You have unconscious biases. Does that mean you’re a bad person? No. Actually, it means you are a person—every human on this planet has unconscious biases.
But how do you identify biases if they’re unconscious and have a negative impact? Let’s take a step back for a second.
“Cognitive shortcuts can lead to problematic thinking… It might determine as a leader how I identify potential or how I identify talent.”
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The word “bias” simply means “preference,” whether it is for or against something. Biases are a normal human function; they are the brain’s way of handling the overload of information we experience every day—11 million bits of information per second, actually.
Brains can only actively process 40 pieces of information at a time at a maximum. The other 10,999,960 info bits are automatically processed using cognitive shortcuts.
Over time, these shortcuts train our brain how to think about more abstract concepts. We move from the survival mode of knowing that fire is hot to making assumptions about how to identify potential or talent in others.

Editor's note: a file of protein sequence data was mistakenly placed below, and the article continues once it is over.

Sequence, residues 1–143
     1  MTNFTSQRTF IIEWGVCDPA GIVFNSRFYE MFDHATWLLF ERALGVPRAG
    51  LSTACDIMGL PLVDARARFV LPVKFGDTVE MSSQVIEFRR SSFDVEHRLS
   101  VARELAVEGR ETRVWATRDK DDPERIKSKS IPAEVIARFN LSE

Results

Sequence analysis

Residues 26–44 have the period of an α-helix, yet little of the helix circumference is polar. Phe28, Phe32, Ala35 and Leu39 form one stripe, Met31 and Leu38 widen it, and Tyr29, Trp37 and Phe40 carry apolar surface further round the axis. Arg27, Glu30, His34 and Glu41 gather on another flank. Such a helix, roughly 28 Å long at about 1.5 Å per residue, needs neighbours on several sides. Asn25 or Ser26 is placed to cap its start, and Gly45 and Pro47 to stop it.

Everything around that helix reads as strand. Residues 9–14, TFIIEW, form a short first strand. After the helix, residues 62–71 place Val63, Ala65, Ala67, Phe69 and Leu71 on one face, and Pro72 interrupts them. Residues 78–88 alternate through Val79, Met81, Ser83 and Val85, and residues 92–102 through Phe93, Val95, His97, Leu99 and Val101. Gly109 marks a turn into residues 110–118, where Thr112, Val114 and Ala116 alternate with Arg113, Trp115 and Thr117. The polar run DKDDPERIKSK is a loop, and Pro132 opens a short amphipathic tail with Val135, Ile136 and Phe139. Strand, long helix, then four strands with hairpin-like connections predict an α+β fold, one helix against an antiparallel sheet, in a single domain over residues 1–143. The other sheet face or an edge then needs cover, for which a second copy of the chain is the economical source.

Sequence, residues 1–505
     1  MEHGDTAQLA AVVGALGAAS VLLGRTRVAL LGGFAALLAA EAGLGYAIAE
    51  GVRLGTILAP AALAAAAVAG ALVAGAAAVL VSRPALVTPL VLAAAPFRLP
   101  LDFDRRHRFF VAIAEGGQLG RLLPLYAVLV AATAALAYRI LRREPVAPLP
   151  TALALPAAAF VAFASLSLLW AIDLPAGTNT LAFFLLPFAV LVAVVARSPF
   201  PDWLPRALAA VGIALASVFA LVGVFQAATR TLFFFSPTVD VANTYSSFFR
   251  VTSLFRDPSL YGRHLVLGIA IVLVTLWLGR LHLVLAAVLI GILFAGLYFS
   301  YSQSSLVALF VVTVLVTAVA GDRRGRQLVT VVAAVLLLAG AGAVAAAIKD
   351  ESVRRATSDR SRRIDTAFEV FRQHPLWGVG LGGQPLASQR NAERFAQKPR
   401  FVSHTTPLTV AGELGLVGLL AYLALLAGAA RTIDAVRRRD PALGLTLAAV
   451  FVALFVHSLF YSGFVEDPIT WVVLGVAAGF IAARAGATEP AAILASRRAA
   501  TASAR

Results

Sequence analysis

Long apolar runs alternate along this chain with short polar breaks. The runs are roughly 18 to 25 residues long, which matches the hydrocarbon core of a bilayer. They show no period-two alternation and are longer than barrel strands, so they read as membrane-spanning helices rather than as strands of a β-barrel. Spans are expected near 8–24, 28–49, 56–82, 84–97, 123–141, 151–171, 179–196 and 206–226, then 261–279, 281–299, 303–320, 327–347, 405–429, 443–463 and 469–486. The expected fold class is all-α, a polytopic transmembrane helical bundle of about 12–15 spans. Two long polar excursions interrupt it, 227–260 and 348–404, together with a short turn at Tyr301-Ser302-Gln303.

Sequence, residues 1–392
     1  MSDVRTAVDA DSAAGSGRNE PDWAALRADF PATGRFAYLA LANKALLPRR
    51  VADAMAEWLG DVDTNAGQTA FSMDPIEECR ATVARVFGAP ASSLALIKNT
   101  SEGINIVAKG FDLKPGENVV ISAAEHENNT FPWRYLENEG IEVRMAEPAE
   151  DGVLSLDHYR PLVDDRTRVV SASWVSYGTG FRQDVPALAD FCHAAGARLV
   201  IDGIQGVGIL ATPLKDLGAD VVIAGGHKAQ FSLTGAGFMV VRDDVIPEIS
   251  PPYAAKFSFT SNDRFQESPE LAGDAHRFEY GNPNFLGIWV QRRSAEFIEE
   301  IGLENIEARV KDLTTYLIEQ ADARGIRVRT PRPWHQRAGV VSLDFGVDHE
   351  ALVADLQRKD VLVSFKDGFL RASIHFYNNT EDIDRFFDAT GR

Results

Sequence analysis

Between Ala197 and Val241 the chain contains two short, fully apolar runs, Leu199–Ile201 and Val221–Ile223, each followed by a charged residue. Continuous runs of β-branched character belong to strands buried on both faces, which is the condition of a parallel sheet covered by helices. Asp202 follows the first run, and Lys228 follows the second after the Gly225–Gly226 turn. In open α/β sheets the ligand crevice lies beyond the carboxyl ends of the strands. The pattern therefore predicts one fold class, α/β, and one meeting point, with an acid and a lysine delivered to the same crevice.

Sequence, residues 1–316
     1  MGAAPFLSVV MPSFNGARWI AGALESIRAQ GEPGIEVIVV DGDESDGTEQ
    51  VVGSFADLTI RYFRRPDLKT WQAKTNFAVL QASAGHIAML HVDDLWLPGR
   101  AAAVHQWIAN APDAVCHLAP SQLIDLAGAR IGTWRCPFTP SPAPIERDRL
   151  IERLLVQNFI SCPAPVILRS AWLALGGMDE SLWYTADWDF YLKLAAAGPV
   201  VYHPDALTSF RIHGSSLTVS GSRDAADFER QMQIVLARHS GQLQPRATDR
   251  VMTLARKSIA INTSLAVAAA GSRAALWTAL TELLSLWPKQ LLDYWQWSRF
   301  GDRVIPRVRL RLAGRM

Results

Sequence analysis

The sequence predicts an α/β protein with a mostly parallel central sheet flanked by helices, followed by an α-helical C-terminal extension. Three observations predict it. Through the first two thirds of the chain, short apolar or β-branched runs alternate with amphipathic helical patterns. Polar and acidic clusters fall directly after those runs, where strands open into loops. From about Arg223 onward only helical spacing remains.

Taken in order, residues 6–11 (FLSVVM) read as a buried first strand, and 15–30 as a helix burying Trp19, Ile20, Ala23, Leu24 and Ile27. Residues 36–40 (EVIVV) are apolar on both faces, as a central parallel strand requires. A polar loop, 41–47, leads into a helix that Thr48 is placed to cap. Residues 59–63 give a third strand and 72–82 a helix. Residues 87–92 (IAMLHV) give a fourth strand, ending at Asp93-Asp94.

The question is this: Can we identify our preferences that are limiting to ourselves or others? If so, we can choose a response that doesn’t have a negative impact. Analyzing our unconscious biases is an exercise in continuous improvement.
In this episode of the Leadercast Podcast, we chat with Pamela Fuller, thought leader on inclusion and bias at FranklinCovey, about how leaders can recognize and reframe their unconscious biases. Listen to the conversation above, or through your preferred podcast source listed at the bottom of this page.
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Connect with Pamela on LinkedIn and preorder her book, “The Leader’s Guide to Unconscious Bias: How to Reframe Bias, Cultivate Connection, and Create High-Performing Teams,” releasing Nov. 10, 2020.